Many existing commercially manufactured photovoltaic modules include a cover layer of glass, commonly coated with a single layer antireflection coating (ARC) to reduce reflection losses. As many common photovoltaic cells, including c-Si, CdTe, and CIGS, decrease in efficiency with increasing temperature, a more effective coating would increase reflection of sub-bandgap light while still acting as an antireflection coating for higher energy photons. The sub-bandgap reflection would reduce parasitic sub-bandgap absorption and therefore reduce operating temperature. This reduction under realistic outdoor conditions would lead to an increase in annual energy yield of a photovoltaic module beyond what is achieved by a single layer ARC. However, calculating the actual increase in energy yield provided by this approach is difficult without using time-consuming simulation. Here, we present a time-independent matrix model which can quickly determine the percentage change in annual energy yield of a module with a spectrally selective mirror by comparison to a baseline module with no mirror. The energy benefit is decomposed into a thermal component from temperature reduction and an optical component from increased transmission of light above the bandgap and therefore increased current generation. Time-independent matrix model calculations are based on real irradiance conditions that vary with geographic location and module tilt angle. The absolute predicted values of energy yield improvement from the model are within 0.1% of those obtained from combined ray-tracing and time-dependent finite-element simulations and compute 1000× faster. Uncertainty in the model result is primarily due to effects of wind speed on module temperature. Optimization of the model result produces a 13-layer and a 20-layer mirror, which increase annual module energy yield by up to 4.0% compared to a module without the mirror, varying depending on the module location and tilt angle. Finally, we analyze how spectrally selective mirrors affect the loss pathways of the photovoltaic module.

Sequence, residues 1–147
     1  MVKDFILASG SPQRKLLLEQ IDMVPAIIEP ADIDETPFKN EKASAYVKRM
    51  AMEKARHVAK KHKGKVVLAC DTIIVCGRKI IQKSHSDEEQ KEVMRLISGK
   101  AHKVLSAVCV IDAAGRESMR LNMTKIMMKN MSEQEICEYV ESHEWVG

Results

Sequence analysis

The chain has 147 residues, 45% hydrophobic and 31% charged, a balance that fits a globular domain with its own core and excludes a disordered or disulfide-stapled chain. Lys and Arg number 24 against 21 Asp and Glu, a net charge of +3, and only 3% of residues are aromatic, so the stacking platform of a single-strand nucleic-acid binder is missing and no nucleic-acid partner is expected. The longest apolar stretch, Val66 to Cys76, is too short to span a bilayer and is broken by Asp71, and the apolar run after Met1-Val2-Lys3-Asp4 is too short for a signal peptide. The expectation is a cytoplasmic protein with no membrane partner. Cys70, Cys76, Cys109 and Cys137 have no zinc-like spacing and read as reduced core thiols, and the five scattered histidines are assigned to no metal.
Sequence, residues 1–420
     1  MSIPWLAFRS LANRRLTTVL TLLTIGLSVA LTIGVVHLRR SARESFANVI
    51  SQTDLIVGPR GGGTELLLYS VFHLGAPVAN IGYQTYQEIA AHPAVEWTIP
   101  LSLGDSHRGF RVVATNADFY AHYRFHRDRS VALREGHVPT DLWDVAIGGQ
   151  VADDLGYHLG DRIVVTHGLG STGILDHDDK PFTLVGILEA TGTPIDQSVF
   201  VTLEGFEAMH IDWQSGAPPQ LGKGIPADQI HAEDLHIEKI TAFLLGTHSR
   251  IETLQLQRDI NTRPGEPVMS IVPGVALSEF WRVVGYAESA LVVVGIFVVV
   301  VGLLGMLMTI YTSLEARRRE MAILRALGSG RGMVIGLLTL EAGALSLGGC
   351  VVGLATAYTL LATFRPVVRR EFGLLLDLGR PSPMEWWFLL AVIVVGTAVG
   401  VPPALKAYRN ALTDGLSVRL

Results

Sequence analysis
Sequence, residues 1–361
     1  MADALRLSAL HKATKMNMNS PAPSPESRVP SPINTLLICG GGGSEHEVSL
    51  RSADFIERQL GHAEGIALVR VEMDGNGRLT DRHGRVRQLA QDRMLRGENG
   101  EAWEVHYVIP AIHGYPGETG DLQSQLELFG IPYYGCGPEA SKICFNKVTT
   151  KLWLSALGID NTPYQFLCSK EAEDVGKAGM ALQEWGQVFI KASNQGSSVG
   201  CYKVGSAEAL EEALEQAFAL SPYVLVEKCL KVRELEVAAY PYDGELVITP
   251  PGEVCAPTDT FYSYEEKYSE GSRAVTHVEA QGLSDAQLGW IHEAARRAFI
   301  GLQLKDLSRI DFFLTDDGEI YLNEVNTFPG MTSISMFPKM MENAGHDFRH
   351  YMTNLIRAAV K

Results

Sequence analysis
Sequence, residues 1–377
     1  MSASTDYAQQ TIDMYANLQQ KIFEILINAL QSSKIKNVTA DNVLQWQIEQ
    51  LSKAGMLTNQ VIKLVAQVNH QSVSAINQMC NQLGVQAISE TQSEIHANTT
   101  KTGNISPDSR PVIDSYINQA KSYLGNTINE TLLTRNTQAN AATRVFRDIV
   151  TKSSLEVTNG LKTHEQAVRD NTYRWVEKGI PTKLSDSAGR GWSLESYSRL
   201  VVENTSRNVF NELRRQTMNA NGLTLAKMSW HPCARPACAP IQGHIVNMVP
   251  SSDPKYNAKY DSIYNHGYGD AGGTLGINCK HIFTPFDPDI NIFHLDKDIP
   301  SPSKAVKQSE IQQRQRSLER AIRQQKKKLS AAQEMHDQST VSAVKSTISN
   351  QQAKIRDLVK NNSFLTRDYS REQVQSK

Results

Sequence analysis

Bibliographical noteFunding Information:
This work was authored in part by Alliance for Sustainable Energy, LLC, the manager and operator of the National Renewable Energy Laboratory for the U.S. Department of Energy (DOE) under Contract DE-AC36-08GO28308. Funding provided by the U.S. Department of Energy’s Office of Energy Efficiency and Renewable Energy (EERE) under Solar Energy Technologies Office (SETO) Agreement 30312. The views expressed in the article do not necessarily represent the views of the DOE or the U.S. Government. The U.S. Government retains and the publisher, by accepting the article for publication, acknowledges that the U.S. Government retains a nonexclusive, paid-up, irrevocable, worldwide license to publish or reproduce the published form of this work, or allow others to do so, for U.S. Government purposes. The authors would like to thank Indra Subedi and Dr. Nik Podraza for their helpful discussion.
© 2019 American Chemical Society.
- photonic structures
- photovoltaic modules
- photovoltaic outdoor modeling
- solar cells
- solar energy